The “we” is the progressive we.
That left can then be associated with the universal (as that which is beyond race, minor detail!) as what we, if we are to progress, must enter. The universal: as class, as a class. Don’t enter, don’t progress!
And indeed I would argue that run of the mill racism is often banal: it takes the form of casual background assumption of the superiority of a “we” to which a subject is progressively attached.
This is from a recent article:
The clearest expression of the “desire for the west” are immigrant refugees: their desire is not a revolutionary one, it is the desire to leave behind their devastated habitat and rejoin the promised land of the developed west….But since, for the large majority of pretenders, this desire cannot be satisfied, one of the remaining options is the nihilist reversal: frustration and envy get radicalised into a murderous and self-destructive hatred of the west, and people get engaged in violent revenge.
Racism operates here as an assumption of envy in the other, or even as a desire for the other to be envious: that to be an “immigrant refugee” is to want what the West has. Really? Think about it. Immigrant refugee: even in those two words are are implied narrative, a way of conflating immigration with asylum. Becoming a refugee, fleeing a situation of war and conflict, is understood as “desire for the West.” It is this racism that has structured how state racism works as a security system: that really behind a claim to asylum, a claim of persecution, is a “desire for the west.” It is this racism that allows the figure of the bogus asylum seeker to circulate, as the one who uses asylum as a screen for their true desires (for our jobs, our houses, our benefits, our women, and so on). It is this racism that implies: they want what we have; they lack what we have.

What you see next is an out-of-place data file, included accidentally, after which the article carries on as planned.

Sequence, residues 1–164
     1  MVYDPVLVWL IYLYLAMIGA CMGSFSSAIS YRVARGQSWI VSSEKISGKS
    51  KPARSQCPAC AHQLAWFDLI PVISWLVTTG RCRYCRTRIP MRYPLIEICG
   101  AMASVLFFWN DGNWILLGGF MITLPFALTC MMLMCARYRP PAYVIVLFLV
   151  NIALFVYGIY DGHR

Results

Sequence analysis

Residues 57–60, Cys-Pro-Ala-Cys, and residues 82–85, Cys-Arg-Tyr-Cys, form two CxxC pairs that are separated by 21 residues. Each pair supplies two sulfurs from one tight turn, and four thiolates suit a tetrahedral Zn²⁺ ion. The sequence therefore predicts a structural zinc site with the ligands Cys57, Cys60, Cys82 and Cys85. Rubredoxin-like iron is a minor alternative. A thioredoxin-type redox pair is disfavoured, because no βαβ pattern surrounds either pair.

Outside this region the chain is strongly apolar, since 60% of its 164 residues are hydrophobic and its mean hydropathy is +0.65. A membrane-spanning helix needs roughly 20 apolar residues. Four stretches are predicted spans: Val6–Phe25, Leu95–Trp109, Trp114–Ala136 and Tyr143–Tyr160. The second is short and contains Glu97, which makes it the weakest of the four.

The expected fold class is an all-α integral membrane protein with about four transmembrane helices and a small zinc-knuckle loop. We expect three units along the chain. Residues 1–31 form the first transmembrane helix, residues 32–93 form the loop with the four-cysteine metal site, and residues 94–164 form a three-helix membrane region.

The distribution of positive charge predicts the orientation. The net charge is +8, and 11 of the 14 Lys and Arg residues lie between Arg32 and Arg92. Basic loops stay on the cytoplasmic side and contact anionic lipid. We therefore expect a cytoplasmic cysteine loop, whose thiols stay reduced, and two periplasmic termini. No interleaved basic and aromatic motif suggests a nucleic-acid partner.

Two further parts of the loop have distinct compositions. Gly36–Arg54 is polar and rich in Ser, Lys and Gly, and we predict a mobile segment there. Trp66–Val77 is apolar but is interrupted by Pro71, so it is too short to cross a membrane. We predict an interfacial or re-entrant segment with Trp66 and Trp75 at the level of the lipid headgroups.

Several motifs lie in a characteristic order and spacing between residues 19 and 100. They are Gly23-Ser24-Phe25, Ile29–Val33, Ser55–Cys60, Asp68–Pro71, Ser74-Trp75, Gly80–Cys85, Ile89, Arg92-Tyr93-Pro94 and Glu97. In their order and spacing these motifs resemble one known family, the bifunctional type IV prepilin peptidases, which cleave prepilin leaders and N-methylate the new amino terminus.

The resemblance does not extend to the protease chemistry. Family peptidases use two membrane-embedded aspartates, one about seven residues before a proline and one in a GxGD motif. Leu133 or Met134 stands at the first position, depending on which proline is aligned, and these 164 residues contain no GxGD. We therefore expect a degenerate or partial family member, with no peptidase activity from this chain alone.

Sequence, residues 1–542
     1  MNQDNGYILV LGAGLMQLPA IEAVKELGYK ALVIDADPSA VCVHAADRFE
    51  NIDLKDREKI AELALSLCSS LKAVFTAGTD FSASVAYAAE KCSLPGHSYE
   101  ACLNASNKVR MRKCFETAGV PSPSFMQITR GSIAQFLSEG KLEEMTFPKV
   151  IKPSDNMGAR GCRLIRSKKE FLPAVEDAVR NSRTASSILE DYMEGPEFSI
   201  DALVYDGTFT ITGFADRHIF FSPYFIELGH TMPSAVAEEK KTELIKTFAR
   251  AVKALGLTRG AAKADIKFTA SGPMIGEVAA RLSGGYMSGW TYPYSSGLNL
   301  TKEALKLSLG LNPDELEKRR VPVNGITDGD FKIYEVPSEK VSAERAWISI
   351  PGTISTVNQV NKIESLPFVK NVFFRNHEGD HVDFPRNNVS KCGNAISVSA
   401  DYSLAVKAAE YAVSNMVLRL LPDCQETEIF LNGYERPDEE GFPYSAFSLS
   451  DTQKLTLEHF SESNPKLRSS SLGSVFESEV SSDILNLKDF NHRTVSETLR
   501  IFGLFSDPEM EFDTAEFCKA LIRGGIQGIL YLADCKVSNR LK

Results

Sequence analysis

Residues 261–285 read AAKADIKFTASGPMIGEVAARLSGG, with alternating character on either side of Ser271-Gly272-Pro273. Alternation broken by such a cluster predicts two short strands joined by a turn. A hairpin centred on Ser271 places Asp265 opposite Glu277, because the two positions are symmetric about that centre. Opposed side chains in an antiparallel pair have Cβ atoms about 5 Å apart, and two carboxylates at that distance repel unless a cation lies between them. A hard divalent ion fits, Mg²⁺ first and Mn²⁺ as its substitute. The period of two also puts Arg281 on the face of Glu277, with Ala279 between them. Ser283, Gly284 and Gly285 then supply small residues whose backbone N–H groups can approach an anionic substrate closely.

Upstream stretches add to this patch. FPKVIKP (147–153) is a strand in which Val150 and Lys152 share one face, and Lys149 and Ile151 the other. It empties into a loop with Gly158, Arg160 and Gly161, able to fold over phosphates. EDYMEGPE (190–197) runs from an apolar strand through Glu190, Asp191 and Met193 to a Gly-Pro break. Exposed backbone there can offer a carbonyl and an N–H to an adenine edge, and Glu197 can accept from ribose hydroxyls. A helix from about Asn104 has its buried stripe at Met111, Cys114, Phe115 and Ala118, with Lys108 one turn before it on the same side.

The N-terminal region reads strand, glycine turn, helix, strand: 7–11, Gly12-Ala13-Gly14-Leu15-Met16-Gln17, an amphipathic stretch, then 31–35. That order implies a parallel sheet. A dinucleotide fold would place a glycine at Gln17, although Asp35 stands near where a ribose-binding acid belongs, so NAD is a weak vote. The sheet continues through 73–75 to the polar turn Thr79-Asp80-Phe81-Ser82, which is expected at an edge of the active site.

What is striking about Zizek’s comments on “immigrant refugees” is how close they are to the kinds of comments articulated by the Prime Minister, David Cameron. Žižek and Cameron sound quite alike even though some of Žižek’s terms are not used by Cameron who of course has no critique of the violence of global capitalism . But that the racism can be sustained in the name of a critique of the violence of global capitalism is teaching us something; that even this kind of critique can reproduce violence by how it does not locate violence. Both Žižek and Cameron argue explicitly against “multiculturalism,” which they inflate with power (as a hegemony or consensus); they both identify political correctness and/fear of being branded racist as having prevented us from being critical of minority cultures (whilst being critical of minority cultures); they both say the problem is we have been too tolerant, that tolerance has weakened us (although this us is defined differently); they both call for some kind of universalism/ integration in response (entry to a we as the requirement to give up some particulars).
Zizek’s comment on “immigrant refugees” is not obviously a form of progressive racism. This is Zizek sounding a lot like the Tory government. Or maybe we can just keep identifying how what appears on the right also appears on the left. It is racism that hears in the situation of refugees, those who have to flee their home due to persecution and war, a desire to have what the West has. It is racism that allows the figure of the terrorist to become stuck together with that of the “immigrant refugee.” It is racism that allows terrorism to be explained as a consequence of envy and resentment.